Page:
Re: no names allowed, we serve types only

From: Jan Hidders <>
Date: Wed, 24 Feb 2010 01:22:13 -0800 (PST)
Message-ID: <>

On 23 feb, 18:08, David BL <> wrote:
> On Feb 23, 5:28 pm, Jan Hidders <> wrote:
> > On 23 feb, 01:33, David BL <> wrote:
> > > On Feb 23, 12:49 am, Jan Hidders <> wrote:
> > > > On 22 feb, 15:39, Jan Hidders <> wrote:
> > > > > There is indeed a problem with the subtype = subset principle, or at
> > > > > least the one that I had in mind:
> > > > > - if t1 <= t2 then [[t1]] is a subset of [[t2]]
> > > > > where [[t]] denotes the set of all values that are of type t. Sorry
> > > > > for being unclear about that.
> > > > > The restriction that f in the definition should be uniquely defined is
> > > > > implied by this principle, which IMNSHO makes it not ad-hoc or
> > > > > gratuitous but rather well-founded. The proof is left to the reader as
> > > > > an exercise. ;-)
> > > My problem is that there may be existing types t1,t2,t3,t4 and an
> > > existing declared relation-type with H2 = {t3,t4}.  Someone wants to
> > > create a new relation-type with H1 = {t1,t2} that subtypes H2, perhaps
> > > where it is required that t1,t3 represent one role and t2,t4 represent
> > > another.  However it happens that both t1 and t2 subtype both t3 and
> > > t4 so therefore it cannot be done because of ambiguity.  That seems
> > > unreasonable.
> > Mathematics can sometimes be very unreasonable. :-) But I think this
> > makes sense. If you give me a tuple (row/record) of H2 and would ask
> > for the t1-value in that tuple, then this is ambiguous, since both the
> > t3 and t4 value are also t1 values. It seems reasonable to assume that
> > for tuples of type H1 we require that they contain a single value of
> > type t1 and a single value of type t2. But the tuple of type H2 would
> > actually in some sense contain two values of type t1 (and two values
> > of type t2). So semantically speaking it is indeed not really a
> > subtype.
> > You could try to fix this by taking another semantics of the types,
> > but I don't see a reasonable alternative at the moment. In fact, my
> > current intuition is that this is a symptom of the fact that we are
> > trying to shoehorn the atrribute-type relationship into the subtype
> > relationship, where it doesn't really fit comfortably.
> I agree with all that, and add that it is noteworthy that the
> ambiguity problem disappears with named attributes.
> Anyway, I don't believe our analysis is complete, because our
> definitions don't specify what happens exactly with Keith's "copy"
> types (which must be used where there is a subtype relationship
> between two of the attributes in a header).

If he allows copies of copies or subtypes of copies he will run into the same type of problems. If he doesn't, then he apparently distinguishes copies (which cannot have copies and subtypes) and normal types (which can). But that would be IMHO somewhat ad-hoc and a sign that these copies are not really types at all.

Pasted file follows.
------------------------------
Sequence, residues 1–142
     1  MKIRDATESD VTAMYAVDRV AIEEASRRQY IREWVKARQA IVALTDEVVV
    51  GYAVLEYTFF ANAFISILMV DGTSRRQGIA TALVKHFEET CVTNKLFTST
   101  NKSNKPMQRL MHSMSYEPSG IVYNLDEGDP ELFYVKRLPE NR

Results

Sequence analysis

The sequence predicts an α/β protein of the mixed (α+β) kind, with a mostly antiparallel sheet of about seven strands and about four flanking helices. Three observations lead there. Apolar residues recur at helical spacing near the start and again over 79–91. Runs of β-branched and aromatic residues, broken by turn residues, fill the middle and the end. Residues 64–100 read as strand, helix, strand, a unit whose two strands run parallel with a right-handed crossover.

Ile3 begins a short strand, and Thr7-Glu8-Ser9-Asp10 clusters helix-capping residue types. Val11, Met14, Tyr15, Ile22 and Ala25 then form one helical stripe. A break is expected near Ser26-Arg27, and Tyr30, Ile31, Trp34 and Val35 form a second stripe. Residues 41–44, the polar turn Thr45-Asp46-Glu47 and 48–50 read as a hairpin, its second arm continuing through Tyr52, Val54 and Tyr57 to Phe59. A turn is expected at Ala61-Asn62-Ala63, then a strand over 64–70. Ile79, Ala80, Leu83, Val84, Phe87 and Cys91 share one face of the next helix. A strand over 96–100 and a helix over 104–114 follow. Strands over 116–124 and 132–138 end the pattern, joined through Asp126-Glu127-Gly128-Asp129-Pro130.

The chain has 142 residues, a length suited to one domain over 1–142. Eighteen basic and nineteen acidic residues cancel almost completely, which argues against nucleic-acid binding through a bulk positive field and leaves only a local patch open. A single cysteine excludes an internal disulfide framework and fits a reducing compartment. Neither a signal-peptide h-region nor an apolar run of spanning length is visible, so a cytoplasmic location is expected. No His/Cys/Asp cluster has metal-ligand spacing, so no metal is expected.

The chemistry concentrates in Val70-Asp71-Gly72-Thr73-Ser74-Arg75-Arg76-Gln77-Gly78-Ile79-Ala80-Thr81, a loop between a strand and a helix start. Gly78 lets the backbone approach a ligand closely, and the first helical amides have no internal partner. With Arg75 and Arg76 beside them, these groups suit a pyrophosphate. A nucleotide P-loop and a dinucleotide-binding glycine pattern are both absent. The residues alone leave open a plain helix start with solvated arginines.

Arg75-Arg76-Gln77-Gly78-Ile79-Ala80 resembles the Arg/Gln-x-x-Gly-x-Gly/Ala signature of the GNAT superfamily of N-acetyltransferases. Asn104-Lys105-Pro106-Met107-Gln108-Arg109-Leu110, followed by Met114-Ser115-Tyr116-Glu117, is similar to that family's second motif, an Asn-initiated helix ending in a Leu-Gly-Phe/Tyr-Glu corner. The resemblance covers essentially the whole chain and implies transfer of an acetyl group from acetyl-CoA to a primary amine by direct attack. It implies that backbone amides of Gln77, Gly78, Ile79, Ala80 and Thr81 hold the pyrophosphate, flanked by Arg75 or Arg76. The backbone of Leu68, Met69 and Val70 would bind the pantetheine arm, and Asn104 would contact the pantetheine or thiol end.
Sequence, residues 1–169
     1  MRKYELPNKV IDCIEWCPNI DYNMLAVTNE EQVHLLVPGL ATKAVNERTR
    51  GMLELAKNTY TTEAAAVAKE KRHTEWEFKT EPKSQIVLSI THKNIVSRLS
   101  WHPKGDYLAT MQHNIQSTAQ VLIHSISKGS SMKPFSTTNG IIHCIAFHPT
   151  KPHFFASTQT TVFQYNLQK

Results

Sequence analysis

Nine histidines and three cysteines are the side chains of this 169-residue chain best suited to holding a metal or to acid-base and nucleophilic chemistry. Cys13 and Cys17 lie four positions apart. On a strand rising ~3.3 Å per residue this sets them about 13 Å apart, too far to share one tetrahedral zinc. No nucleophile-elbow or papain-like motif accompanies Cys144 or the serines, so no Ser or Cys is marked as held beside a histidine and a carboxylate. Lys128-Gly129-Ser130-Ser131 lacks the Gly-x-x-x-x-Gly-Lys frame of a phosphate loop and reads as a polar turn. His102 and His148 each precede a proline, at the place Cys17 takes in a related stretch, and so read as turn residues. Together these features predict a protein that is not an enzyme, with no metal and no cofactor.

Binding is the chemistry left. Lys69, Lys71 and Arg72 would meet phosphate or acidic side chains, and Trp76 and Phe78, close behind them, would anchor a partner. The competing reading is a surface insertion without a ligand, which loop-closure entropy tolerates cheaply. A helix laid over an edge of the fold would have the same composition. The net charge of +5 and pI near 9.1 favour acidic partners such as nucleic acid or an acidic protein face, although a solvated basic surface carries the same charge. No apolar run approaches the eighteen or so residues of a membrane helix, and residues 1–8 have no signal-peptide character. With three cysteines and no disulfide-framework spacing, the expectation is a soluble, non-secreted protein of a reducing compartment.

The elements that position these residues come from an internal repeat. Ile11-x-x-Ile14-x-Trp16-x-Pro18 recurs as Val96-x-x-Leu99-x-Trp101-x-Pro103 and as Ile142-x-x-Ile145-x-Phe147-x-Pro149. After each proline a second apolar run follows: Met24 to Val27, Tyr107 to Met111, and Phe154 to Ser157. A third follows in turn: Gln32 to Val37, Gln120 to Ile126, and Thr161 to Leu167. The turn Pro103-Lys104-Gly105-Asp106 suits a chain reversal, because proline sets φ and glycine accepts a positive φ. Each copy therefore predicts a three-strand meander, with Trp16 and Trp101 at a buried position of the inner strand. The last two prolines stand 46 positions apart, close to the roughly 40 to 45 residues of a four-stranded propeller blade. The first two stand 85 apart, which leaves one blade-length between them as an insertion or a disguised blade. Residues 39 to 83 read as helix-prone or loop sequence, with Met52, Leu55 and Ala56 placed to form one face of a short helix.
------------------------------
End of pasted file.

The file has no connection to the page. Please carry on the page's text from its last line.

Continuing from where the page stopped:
> > > > PS. Note that the corrected definition can be compactly formulated:
> > > > Definition:  H1 <= H2 if
> > > >    for each type t2 in H2
> > > >    there is exactly one type t1 in H1
> > > >    such that t1 <= t2.
> > > That doesn't seem right to me - by that definition H1 might have more
> > > attributes than H2 and yet be considered a subtype.
> > Of course. For the usual record types it holds that <a:t1, b:t2> is a
> > supertype of <a:t1, b:t2, c:t3>. You can use values of the latter
> > where values of the first are expected, not the other way around.
> That view of subtyping concerns a possible interpretation of
> substitutability (of values), but I believe it is better to adhere to
> the subtype = subset principle for data types.  It cannot be said that
> tuples of the form <a:t1, b:t2, c:t3> represent a subset of tuples of
> the form <a:t1, b:t2>.

Depends on what you mean by "of the form". In type theory for programming languages and databases, if they consider subtyping, the usual definition of a tuple being of the type <a:t1, b:t2> is that it is a tuple that *at least* contains the fields a and b with values of the required types. Under that definition the subtype = subset principle is adhered to.

In case you are interested:

L Cardelli (1984), 'A semantics of multiple inheritance', in: Semantics of Data
Types, LNCS 173, eds. Kahn, MacQueen and Plotkin, Springer Verlag, 51-68.

L Cardelli and P Wegner (1985), 'On understanding types, data abstraction and
polymorphism', ACM Computing Surveys, 17(4), 471-521.

> C.Date presents this argument very well in section 20.9 of an
> Introduction to Database Systems where he claims that a coloured
> circle is not a subtype of circle (or vice versa).

The tuple that represents the circle is not the same thing as the circle itself. I find Date's argument rather unconvincing, to put it very mildly. He is by no means an authority in this area, and those that are mostly disagree with this position.

> I suggest implicit conversions must only be an artefact of the type
> system (i.e. implicit conversions cannot actually change a value by
> adding or removing information), and in fact no concept of implicit
> conversions is required in a typeless formalism.

I would even add to that "or in a typed formalism". If in the semantics you need implicit conversion you probably need to rethink the semantics of your types.

  • Jan Hidders
Received on Wed Feb 24 2010 - 10:22:13 CET

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